What Do Other Businesses Usually Do …?

business law
Business Lawyer Asheville, Hendersonville and WNC

Business law. One of my great selling points is the variety of legal projects I’ve worked on over the years. I can draw on my experiences to quickly and efficiently finish a client’s project. My experiences have shown me, however, that for pretty much everything I do there is no “one size fits all” or “template” solutions to anything other than basic legal work. My real value to a client is counseling, showing what others may have done in the past to solve a similar problem, getting the client to think about and make decisions about its own situation, then drafting the words to get that done. Words on the page are the final product of a process we go through to get to a contract. That’s why we call good lawyers like myself “counselors” and not “draftsmen.” For well done, custom drafted legal work, there is no “what do other businesses usually do …?”

I hear this a lot when asking business law clients to make decisions about their business transactions and about contracts I’m drafting: “What do other people do?” I heard it today. And I understand that for many business owners, the project or transaction I’m working on may be unique to them, the first time they’ve done something like that. The answer, then, is, other people – if they’re my clients – listen to my advice on the options that are available, but make their own decision as to what solution works best for them. And even using “industry standards” as a reference to other people’s solutions, I rely on my clients to know those and inform me of them. It’s your business, after all. I’m not immersed in your industry, but you are.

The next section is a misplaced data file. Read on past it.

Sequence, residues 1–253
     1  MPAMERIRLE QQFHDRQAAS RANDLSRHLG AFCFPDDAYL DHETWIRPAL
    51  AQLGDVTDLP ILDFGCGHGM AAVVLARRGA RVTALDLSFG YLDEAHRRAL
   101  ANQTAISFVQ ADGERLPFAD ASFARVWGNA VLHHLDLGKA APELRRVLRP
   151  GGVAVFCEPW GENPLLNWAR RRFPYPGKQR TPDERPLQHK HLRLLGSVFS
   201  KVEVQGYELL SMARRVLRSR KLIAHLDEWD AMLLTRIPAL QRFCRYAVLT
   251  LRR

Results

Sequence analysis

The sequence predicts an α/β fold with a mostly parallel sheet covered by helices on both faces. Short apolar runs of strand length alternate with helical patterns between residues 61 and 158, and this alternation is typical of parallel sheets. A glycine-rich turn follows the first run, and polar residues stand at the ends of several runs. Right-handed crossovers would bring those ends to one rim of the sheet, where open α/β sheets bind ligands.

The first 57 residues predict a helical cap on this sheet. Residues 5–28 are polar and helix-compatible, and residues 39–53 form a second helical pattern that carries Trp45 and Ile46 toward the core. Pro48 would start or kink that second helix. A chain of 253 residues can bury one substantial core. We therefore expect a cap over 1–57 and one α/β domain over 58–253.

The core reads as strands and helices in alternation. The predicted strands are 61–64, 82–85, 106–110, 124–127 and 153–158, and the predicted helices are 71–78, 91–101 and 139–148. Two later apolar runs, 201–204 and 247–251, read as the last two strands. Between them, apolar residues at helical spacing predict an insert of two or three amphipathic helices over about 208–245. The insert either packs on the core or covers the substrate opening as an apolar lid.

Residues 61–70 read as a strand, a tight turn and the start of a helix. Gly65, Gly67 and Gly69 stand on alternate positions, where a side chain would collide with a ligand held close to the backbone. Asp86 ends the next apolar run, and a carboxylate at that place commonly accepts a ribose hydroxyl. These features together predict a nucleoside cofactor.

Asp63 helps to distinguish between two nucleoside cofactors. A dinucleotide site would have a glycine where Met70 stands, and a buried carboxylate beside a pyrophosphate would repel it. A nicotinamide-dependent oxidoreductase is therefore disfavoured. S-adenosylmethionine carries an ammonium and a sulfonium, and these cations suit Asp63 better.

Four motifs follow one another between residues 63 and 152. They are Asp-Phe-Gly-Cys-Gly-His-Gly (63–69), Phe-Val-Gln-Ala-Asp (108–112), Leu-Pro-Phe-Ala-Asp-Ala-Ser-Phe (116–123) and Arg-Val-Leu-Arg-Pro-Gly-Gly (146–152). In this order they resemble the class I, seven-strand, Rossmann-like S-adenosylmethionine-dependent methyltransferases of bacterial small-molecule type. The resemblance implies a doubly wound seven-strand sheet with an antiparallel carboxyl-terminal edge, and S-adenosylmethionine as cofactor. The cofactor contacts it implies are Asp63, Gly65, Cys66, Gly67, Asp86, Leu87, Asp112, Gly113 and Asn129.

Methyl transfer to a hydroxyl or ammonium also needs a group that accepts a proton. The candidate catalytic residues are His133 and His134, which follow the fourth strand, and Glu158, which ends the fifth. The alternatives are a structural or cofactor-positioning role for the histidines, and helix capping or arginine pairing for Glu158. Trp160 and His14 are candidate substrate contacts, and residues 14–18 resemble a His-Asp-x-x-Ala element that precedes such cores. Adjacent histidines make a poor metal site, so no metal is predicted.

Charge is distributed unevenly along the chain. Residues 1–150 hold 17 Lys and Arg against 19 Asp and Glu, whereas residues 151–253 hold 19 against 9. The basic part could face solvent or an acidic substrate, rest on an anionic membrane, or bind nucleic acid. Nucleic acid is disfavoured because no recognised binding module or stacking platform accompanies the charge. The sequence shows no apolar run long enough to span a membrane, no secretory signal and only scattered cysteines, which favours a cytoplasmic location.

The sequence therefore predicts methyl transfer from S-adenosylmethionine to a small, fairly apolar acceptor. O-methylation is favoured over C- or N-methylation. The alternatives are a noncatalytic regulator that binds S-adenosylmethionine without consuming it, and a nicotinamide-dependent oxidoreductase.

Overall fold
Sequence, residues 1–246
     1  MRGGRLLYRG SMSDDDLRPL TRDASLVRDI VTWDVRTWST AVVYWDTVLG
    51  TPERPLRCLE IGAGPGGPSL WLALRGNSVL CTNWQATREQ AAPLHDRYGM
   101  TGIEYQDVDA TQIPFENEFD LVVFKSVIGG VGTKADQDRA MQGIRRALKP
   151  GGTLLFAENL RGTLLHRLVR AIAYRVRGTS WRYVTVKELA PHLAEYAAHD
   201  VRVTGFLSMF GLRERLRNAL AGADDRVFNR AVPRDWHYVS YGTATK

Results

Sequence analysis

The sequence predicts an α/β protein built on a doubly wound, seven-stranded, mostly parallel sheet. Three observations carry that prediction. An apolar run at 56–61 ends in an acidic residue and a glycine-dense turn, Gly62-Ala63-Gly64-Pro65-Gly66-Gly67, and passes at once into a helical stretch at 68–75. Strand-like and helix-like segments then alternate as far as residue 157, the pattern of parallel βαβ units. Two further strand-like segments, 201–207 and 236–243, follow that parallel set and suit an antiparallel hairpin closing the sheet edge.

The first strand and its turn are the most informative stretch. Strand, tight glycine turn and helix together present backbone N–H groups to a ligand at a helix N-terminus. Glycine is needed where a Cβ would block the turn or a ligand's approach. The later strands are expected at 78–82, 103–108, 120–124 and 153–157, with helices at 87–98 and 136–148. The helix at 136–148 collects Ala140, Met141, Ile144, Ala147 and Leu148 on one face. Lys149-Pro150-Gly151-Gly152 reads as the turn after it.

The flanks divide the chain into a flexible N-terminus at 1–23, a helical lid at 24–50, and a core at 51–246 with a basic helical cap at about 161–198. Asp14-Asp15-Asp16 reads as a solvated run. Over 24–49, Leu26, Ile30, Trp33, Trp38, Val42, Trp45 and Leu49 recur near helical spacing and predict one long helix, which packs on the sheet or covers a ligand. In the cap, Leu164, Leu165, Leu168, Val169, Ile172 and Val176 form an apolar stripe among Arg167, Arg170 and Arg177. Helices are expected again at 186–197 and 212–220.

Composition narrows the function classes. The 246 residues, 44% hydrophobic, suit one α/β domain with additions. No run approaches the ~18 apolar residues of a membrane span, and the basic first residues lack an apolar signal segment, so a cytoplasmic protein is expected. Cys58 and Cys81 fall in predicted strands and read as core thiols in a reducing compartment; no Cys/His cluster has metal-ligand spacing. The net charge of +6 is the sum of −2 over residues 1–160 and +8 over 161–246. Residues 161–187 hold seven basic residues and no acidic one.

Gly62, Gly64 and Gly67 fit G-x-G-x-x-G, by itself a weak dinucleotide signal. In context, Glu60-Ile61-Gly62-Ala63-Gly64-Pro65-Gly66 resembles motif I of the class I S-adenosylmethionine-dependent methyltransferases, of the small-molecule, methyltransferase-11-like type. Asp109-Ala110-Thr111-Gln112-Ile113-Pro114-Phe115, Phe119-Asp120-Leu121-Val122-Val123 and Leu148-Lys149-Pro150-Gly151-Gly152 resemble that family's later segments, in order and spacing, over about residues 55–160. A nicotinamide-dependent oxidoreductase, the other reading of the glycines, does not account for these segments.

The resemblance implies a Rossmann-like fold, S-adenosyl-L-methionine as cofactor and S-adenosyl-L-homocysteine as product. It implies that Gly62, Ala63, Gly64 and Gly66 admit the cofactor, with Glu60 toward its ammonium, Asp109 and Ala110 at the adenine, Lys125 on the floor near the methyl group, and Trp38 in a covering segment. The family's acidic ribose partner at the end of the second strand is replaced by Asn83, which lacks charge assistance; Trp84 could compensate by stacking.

No Such Thing As A Form Contract Or Document

Any lawyer that advises you, “this is a form, go ahead and use it,” or, “everyone does it this way,” and tries to sell you an expensive template that he drafted for someone ten years ago, or worse yet, downloaded from the web, is doing your business a disservice. In my years of practice I’ve heard, “this is a form lease, just go ahead and sign it” probably 50 times. And out of those 50 leases I’ve reviewed, not one of them was even remotely similar to any other (except for non-essential standardized terms). My job isn’t to pull forms off the shelf and fill in some blanks. I get paid to ask questions so I can figure out where your particular project may go South and plan for that possibility, or to find out how to define a successful relationship between your business and someone else, and put that clearly and succinctly on paper for everyone to review and agree to and rely on as the project progresses.

Remember: the contract you sign will affect your relationship with another person or entity, for better or for worse, with 100% certainty. Isn’t something that critical to your success worth customizing to your situation, instead of relying on “everyone does it this way”?

My Process For Counseling Business Law Clients